10 Proven Ways to Increase Your Outside List Performance
Adding new buyers is critical to any catalog business. At a minimum, catalogers need to replace lost buyers due to attrition. A lack of prospecting to outside lists will cause a reduction in the size of the housefile and start a downward spiral that’s difficult to reverse. Prospecting has certainly become more difficult and more costly, but you can’t afford not to. This month, I’d like to share ways to increase the performance of outside lists. This will lower the cost of acquiring a new buyer.
Most prospecting is done at an incremental loss. Accept that you can’t make money prospecting based solely on initial orders. You need first-time buyers to make a second purchase to make a profit. Think of prospecting as an investment in the future of your business.
Not all expenses in a catalog business can be incremental. Treat them that way and you’ll incremental your way into the poor house! But with prospecting, cover just your out-of-pocket expenses, including customer returns and allowances, cost of goods sold, and direct-selling expenses. The housefile has to be strong enough to support the overhead expenses of the business — not the prospects. The formula for determining the incremental break-even point is as follows:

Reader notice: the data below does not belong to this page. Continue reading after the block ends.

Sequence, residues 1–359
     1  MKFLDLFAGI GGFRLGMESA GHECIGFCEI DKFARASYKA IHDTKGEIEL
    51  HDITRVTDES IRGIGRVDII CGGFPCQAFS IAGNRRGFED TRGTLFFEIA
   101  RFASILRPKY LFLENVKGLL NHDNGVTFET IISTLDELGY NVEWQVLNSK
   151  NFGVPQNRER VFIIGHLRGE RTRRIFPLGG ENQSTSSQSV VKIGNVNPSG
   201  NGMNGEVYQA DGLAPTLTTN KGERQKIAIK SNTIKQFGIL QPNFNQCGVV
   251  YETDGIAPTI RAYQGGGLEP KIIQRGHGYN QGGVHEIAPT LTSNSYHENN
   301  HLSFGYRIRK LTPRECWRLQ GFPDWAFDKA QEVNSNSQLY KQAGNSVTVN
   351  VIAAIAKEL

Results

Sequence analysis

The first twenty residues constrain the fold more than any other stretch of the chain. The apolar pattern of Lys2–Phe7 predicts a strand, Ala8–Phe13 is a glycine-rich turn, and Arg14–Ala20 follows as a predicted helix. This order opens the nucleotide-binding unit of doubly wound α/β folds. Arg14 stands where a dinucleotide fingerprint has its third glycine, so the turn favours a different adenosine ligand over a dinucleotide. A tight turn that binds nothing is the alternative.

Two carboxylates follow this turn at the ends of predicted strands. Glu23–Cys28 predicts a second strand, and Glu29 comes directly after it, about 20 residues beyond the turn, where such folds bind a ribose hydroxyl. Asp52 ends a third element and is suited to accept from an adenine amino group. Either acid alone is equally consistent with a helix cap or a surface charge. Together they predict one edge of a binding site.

minus customer returns and allowances
minus cost of goods sold
minus direct-selling expenses (printing costs, outside lists, postage, etc.)
equals incremental breakeven.
Accept the fact that you need to spend in order to grow or simply maintain the current size of your 12-month buyer file. How low you mail below the incremental break-even point depends on the financial strength of your company, the size of your existing housefile and how fast you want to grow. I always caution against overmailing and trying to grow too fast.
Several years ago, catalogers could prospect above incremental break-even points; it was easier to grow a catalog business then. There are several reasons why it has become more difficult and costly to prospect:
✔ response rates have declined from overmailing the same names time-and-time again; and
✔ paper and postage costs are much higher today, which has increased incremental break-even points.